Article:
The Fireballs Biography

Formed in the autumn of 1957 in Raton, New Mexico, USA, the Fireballs originally comprised George Tomsco (24 April 1940, Raton, New Mexico, USA; guitar, vocals), Chuck Tharp (b. 3 February 1941, d. 17 March 2006, Clovis, New Mexico, USA; lead vocals), Danny Trammell (b. 14 July 1940; rhythm guitar), Stan Lark (b. 27 July 1940; bass, vocals) and Eric Budd (b. 23 October 1938; drums). Their Tex-Mex instrumental rock ‘n’ roll was driven by Tomsco’s clear and concise guitar sound, which helped the group place 11 singles in the US charts between 1959 and 1969, although they achieved their greatest success when they hooked up with singer Jimmy Gilmer. The Fireballs also attracted controversy in the 60s, when they were used to overdub music behind unfinished tapes recorded by Buddy Holly before his death in 1959.

Founder members Tomsco and Tharp met at Raton High School in New Mexico. After the others came in, they rehearsed and won a talent contest in January 1958 with a performance of ‘Great Balls Of Fire’, from which they took their name. After a shaky start that found members leaving for college and then returning, they recorded at Norman Petty’s studio in Clovis, New Mexico, in August 1958. Their debut single on Kapp Records was the instrumental ‘Fireball’, b/w a vocal performance by Tharp, ‘I Don’t Know’. A contract with the Top Rank label led to the breakthrough instrumental ‘Torquay’, which scraped into the US Top 40 in September 1959 and saw the band appearing on Dick Clark’s American Bandstand. Another Top Rank single, ‘Bulldog’, reached number 24 in January 1960 and one on Warwick, ‘Quite A Party’, reached number 27 the following June. Several non-charting singles also appeared on the Jaro and Hamilton labels. Tharp left the group and was replaced by Jimmy Gilmer (b. 15 September 1940, LaGrange, Illinois, USA). During 1962 the Fireballs were signed to Dot Records, where they recorded Torquay, after which Budd entered the army and was replaced by Doug Roberts (d. 18 November 1981). In early 1963, now billed as Jimmy Gilmer And The Fireballs, they recorded ‘Sugar Shack’, using an unusual keyboard called a Solovox to give the record a distinctive sound. The result was one of the bestselling hits of 1963 - ‘Sugar Shack’ stayed at number 1 for five weeks late in the year. An album of the same title also charted. Although several other singles and albums were released, the group was unable to capitalize on that success, although ‘Daisy Petal Pickin’’ made number 15 in December. Such efforts as Folk Beat, a 1965 album crediting only Gilmer, were unsuccessful. By the following year, Dot was sold and in 1967 the Fireballs, minus Gilmer, signed to Atco Records. Before Christmas that year they recorded a Tom Paxton song, ‘Bottle Of Wine’, which reached number 9 in late December 1967. Three other minor chart singles followed before the end of 1969, including the politically charged ‘Come On, React!’. Although the latter marked the end of their chart success, the Fireballs continue as a popular live unit with a line-up now comprising Lark, Tomsco, Ron Cardenas (vocals, keyboards, guitar) and Daniel Aguilar (drums).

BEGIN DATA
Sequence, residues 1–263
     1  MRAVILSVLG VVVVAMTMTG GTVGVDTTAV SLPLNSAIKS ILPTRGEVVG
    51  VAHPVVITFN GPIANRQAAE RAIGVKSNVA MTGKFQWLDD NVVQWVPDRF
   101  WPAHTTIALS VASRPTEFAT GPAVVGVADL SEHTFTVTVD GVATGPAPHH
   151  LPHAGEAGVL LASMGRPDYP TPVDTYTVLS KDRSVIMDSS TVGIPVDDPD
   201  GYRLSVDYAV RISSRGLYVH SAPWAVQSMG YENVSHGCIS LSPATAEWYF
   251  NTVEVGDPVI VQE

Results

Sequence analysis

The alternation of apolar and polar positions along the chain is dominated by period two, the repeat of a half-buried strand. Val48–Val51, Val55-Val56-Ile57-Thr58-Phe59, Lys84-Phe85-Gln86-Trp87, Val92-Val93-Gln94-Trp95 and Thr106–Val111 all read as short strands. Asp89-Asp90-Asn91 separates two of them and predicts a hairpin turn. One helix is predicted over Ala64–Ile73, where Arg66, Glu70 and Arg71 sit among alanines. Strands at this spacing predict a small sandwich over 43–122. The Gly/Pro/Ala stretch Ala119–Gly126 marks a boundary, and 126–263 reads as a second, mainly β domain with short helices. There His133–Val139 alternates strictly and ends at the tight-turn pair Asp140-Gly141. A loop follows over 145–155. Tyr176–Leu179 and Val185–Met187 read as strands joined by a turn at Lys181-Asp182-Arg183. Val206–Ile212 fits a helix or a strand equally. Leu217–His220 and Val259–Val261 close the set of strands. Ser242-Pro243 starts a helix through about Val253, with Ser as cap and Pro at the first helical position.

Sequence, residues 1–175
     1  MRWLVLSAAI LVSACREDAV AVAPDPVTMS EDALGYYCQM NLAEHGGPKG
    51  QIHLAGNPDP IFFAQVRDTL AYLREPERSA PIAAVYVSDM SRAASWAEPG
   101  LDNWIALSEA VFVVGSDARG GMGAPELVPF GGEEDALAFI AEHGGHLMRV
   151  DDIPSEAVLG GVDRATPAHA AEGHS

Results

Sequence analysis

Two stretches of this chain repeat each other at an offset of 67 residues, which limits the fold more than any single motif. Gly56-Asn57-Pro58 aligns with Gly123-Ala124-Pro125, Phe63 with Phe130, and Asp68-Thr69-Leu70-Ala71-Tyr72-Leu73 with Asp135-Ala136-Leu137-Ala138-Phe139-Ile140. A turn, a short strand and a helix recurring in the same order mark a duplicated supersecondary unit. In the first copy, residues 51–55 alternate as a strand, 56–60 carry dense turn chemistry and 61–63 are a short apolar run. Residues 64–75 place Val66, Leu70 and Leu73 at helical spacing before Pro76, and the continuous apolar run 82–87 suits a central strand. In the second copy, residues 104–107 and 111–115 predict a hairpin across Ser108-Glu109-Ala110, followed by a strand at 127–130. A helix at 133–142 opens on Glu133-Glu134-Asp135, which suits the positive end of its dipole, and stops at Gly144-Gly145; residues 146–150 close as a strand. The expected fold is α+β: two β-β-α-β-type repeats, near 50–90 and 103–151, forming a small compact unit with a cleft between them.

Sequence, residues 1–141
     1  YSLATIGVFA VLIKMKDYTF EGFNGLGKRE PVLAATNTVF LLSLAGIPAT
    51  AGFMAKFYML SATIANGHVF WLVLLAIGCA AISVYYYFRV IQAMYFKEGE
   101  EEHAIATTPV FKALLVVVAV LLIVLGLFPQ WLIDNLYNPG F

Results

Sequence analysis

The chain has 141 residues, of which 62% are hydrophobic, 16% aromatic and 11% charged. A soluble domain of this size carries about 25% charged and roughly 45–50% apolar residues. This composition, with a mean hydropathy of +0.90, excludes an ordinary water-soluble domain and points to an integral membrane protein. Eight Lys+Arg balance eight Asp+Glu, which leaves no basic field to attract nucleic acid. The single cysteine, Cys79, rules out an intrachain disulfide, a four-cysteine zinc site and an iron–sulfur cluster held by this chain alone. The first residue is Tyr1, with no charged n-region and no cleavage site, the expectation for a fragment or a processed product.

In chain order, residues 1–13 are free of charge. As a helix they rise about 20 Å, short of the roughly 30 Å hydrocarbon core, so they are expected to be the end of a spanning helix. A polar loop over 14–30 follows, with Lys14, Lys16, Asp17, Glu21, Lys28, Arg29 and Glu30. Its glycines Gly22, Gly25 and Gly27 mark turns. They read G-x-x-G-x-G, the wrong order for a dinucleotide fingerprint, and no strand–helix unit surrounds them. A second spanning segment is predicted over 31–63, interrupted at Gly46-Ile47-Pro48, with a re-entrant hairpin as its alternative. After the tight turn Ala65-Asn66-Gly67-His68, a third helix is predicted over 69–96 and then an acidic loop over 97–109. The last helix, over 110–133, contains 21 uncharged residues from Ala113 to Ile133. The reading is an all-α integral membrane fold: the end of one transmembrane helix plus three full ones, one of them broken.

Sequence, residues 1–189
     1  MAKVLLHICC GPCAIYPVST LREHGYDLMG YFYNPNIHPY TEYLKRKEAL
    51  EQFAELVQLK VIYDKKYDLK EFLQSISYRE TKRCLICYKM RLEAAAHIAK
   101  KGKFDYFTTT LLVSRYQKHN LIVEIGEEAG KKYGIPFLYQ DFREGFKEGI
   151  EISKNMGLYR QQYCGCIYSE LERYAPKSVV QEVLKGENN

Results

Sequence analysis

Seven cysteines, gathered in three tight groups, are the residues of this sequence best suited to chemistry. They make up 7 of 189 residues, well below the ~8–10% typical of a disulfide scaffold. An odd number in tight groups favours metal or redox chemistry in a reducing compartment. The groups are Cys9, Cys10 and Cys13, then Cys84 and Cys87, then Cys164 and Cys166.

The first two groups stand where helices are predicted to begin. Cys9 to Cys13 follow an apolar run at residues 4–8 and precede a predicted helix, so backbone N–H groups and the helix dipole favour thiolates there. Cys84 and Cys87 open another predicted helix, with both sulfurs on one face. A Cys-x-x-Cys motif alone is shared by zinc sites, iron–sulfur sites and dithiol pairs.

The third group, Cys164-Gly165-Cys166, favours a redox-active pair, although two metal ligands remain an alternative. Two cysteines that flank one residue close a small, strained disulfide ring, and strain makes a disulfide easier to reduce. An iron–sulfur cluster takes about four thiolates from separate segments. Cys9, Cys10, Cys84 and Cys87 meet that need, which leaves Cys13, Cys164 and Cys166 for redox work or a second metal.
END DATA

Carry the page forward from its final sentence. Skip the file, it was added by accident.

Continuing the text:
Source: The Encyclopedia of Popular Music by Colin Larkin. Licensed from Muze.

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